The $100 tablet challenge

Tablets have come a long way since Apple first introduced the original iPad in 2010. They’ve gotten thinner (and, sometimes, thicker), smaller (and, sometimes, larger), more durable, and, of course, cheaper. But how cheap is too cheap? Does a worthy tablet exist for just $100?

Mainstream budget tablets typically start at around $200, making them cheap enough to appeal to budget-minded shoppers, but not so cheap that you can just buy them and forget about them. There’s another class of more generic Android tablets that cost less than half of that, though, when on sale. The bigger question is whether any of them are worth your time and money.

Google's Nexus 7: How do the bargain tablets compare?

To answer that question, I drove all over Silicon Valley to look at the tablets being sold in stores for $100 or less, and to see how they compared against my Google Nexus 7. This was not an easy feat—and will likely be impossible if you don’t live in a similarly tech-oriented area—since most of these tablets are usually seen online only, and not in physical stores. These budget tablets are also mostly from companies you’ve probably never heard of.

The upshot? Sub-$100 tablets are, for the most part, disappointing. However, it’s not all bad, so long as you do your research beforehand and know what you're getting into before you buy. Here are some things to look out for if you’re thinking about buying an ultra-cheap budget tablet.


The most visible and, arguably, the most important part of a tablet is its display. However, large, high-resolution capacitive touchscreens aren’t cheap; the display, in fact, is one of the most expensive components on a tablet. Of course, this means that the screen is one of the first features to get its specs axed in the tablet race to the bottom.

There are a few things to look out for when it comes to a tablet’s display. The first is whether it uses capacitive or resistive touchscreen technology. Capacitive touchscreens are what you’ll see on mainstream tablets such as the Amazon Kindle Fire HD and all versions of the iPad. This type of touchscreen, which is made of smooth glass, uses the electricity from your body to register taps, swipes, and gestures.

Text issues on the Coby MID7033-4.

Resistive touchscreens, on the other hand, are made of two flexible sheets of material that are ever-so-slightly separated. A resistive touchscreen uses pressure from your finger or a stylus to register taps and swipes. Many cheap tablets, such as the $85 Coby MID7033-4 7-inch tablet, use resistive touchscreens. If you’re looking for a media device, a resistive touchscreen might not spoil your tablet experience since you won’t be touching the screen quite as often. But resistive touchscreens are generally much less responsive than capacitive ones.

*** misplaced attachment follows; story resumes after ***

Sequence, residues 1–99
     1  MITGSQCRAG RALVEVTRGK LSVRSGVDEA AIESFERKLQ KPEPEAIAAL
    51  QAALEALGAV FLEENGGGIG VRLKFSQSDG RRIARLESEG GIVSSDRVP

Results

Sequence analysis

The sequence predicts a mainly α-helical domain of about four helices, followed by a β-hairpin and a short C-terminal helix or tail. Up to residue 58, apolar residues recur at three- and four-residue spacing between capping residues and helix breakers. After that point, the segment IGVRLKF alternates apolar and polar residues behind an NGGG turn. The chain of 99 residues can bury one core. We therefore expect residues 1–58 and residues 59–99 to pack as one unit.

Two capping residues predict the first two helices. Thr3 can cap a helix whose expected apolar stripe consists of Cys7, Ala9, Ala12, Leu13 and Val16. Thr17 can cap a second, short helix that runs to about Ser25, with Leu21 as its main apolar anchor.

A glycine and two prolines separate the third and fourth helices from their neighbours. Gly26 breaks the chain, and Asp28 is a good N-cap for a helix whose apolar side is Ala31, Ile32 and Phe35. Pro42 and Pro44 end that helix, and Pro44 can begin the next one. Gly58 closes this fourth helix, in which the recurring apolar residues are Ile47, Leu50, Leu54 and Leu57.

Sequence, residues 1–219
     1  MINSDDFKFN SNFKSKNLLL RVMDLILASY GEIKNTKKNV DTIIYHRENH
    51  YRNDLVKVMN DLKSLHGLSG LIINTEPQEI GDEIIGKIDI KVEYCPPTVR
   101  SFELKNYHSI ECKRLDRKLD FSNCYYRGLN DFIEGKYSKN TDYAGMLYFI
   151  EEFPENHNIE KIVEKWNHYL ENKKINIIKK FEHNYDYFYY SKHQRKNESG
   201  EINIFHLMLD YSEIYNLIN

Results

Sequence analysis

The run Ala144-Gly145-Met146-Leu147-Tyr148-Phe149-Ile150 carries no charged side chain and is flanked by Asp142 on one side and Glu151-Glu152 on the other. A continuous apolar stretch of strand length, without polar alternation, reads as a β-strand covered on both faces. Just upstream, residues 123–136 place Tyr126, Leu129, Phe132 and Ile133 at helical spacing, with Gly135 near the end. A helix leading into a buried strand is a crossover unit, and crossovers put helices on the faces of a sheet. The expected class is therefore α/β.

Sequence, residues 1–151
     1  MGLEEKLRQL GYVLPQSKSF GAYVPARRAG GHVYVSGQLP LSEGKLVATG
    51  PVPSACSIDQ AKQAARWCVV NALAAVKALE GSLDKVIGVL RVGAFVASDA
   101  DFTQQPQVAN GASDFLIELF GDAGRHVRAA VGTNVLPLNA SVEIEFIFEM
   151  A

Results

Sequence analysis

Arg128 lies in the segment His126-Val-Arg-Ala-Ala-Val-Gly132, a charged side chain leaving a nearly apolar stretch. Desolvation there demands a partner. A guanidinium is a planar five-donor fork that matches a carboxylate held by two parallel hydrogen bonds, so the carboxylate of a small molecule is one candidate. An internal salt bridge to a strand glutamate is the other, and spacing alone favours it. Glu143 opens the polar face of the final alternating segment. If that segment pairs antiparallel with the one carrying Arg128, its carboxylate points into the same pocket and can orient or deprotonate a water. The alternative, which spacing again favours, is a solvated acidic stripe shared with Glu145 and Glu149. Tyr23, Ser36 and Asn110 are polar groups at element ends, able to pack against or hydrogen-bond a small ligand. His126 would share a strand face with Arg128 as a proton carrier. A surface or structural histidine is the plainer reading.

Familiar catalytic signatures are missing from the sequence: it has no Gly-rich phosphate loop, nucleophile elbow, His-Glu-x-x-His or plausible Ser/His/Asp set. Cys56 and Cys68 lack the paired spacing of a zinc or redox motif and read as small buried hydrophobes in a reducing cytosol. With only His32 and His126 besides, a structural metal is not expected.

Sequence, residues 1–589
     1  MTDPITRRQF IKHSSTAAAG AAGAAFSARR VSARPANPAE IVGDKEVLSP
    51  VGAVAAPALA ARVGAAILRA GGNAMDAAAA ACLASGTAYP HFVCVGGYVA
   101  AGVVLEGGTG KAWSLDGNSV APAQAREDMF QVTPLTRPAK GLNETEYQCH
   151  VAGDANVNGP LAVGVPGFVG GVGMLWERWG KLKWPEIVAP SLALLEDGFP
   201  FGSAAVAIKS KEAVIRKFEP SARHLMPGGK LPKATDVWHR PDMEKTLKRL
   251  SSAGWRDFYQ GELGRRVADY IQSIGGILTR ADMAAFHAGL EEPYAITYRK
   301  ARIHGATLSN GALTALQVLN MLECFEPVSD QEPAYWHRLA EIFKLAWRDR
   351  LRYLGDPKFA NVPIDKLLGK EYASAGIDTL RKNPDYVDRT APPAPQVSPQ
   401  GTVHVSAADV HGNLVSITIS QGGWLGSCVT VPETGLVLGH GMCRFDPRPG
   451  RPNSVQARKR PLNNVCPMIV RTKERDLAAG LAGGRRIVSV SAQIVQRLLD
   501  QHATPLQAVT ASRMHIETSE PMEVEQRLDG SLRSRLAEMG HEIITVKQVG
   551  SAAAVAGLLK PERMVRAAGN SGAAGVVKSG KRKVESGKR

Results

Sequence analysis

However, if you’re looking to play games or even surf the Web, I definitely recommend a capacitive touchscreen. Most of today’s popular games involve swipes and gestures that are nearly impossible to perform smoothly on a resistive touchscreen. As for surfing the web, tapping out addresses and performing multitouch gestures is smoother and less frustrating on a capacitive screen than on a resistive touchscreen.

It’s also important to realize that just because a device has a capacitive touchscreen doesn’t mean the experience is going to be an entirely smooth one. On most of the sub-$100 capacitive touchscreen tablets that I tried out, the touchscreen was still subpar. For example, multitouch gestures such as pinching and swiping were stilted and jerky. This could be due to the type of touchscreen used, or it could be due to the tablet's internal guts.

Cheaper tablets also tend to be smaller in size—7 and 8-inch tablets reign supreme here. And they have poorer screens in general: lower resolution (usually 800 by 480 pixels), lower brightness, and poor off-axis viewing angles. Text, icons, and images can be noticeably fuzzy and pixelated on a lower-resolution screen. Cheaper tablets also tend to have lots of screen glitches, which can be due to a number of factors. For example, the Coby MID7033-4 cuts off the tails of y’s and g’s on the lowest row of apps on the homescreen.